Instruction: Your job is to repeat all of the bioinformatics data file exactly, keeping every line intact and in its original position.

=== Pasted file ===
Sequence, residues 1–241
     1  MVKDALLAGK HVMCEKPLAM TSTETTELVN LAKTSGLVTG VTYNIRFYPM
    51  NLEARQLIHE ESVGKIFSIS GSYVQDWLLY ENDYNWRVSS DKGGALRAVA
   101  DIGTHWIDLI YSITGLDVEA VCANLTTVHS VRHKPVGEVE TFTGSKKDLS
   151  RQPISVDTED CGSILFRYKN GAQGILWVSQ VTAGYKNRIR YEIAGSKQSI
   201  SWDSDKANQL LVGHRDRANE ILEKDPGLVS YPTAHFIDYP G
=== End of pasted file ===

Sequence, residues 1–241
     1  MVKDALLAGK HVMCEKPLAM TSTETTELVN LAKTSGLVTG VTYNIRFYPM
    51  NLEARQLIHE ESVGKIFSIS GSYVQDWLLY ENDYNWRVSS DKGGALRAVA
   101  DIGTHWIDLI YSITGLDVEA VCANLTTVHS VRHKPVGEVE TFTGSKKDLS
   151  RQPISVDTED CGSILFRYKN GAQGILWVSQ VTAGYKNRIR YEIAGSKQSI
   201  SWDSDKANQL LVGHRDRANE ILEKDPGLVS YPTAHFIDYP G